The effects of cyclosporine on acute murine Coxsackie B3 myocarditis.
The effects of the immunosuppressant drug cyclosporine were studied in the murine model of Coxsackie B3 myocarditis. Ten BALB/c mice, given daily cyclosporine (15 mg/kg) intraperitoneally but not infected, were normal in all respects after 2 weeks. All 32 BALB/c mice infected, but given no cyclosporine, survived and had moderate myocardial mononuclear infiltrates and minimal necrosis at 7 and 14 days. In contrast, 24 mice concurrently infected and given cyclosporine had a high mortality rate (75%) and a significantly attenuated mononuclear infiltrate in the presence of enhanced necrosis when compared with control infected mice. Sixteen mice started on the drug 1 week after infection had a lower mortality rate (55%), but very similar histologic abnormalities. In contrast to negligible or no virus in the hearts of infected mice that were not given cyclosporine, drug treated, infected groups had easily detectable virus in their hearts 14 days after infection. An identical study in Swiss ICR mice yielded similar results. Cyclosporine, when given early during acute murine Coxsackie B3 myocarditis, causes a significant increase in myocardial necrosis and mortality, possibly secondary to enhanced viral survival.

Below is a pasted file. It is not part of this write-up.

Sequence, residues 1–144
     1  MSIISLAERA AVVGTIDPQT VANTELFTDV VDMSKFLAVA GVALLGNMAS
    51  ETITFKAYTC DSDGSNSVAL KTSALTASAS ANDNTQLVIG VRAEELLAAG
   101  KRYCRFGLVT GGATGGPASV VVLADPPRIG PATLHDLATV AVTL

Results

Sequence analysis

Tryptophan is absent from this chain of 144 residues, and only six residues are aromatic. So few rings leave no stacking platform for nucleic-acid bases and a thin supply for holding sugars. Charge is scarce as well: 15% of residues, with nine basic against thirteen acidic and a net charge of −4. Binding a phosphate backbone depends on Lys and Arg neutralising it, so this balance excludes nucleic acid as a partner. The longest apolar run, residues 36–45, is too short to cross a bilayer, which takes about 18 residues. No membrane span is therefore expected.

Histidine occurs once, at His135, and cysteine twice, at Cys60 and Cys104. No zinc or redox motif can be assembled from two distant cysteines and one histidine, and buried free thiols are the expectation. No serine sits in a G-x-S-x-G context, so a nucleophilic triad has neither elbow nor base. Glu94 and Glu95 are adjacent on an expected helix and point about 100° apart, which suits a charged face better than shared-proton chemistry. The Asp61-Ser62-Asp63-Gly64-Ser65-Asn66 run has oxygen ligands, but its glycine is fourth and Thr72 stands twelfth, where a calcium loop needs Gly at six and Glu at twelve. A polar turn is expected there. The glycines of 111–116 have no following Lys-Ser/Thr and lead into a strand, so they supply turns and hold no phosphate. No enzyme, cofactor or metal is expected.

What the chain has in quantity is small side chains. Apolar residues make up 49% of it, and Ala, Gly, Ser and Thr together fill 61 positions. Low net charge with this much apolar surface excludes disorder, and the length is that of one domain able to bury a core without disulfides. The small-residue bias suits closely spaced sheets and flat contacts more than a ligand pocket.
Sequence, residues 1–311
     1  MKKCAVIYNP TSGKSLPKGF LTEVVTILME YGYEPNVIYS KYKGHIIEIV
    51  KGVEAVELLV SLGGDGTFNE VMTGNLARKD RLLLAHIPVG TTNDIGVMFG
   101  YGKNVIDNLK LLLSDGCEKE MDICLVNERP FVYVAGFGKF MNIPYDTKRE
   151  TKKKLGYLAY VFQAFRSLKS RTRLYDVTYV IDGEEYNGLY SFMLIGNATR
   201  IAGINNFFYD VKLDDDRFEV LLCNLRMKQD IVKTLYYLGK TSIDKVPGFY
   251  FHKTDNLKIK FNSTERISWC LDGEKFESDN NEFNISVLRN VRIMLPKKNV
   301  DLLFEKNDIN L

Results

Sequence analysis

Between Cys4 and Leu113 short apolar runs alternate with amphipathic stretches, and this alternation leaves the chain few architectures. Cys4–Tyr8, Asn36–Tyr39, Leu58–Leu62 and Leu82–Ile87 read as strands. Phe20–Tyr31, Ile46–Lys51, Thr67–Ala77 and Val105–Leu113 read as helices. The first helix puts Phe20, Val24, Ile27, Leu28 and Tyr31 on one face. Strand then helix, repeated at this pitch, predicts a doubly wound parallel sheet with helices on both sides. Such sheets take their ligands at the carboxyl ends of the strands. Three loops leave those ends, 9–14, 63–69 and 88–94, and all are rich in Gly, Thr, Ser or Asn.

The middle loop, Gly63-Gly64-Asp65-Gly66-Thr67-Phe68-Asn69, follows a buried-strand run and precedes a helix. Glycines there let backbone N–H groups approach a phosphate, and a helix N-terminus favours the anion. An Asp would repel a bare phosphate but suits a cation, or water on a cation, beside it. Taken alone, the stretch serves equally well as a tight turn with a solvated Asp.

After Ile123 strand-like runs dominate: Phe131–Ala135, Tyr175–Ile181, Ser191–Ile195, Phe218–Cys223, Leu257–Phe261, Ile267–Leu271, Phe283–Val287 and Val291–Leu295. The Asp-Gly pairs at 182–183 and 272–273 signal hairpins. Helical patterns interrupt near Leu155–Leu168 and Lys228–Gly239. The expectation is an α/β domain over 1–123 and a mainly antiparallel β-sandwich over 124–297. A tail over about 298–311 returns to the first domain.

- Copyright © 1986 by American Heart Association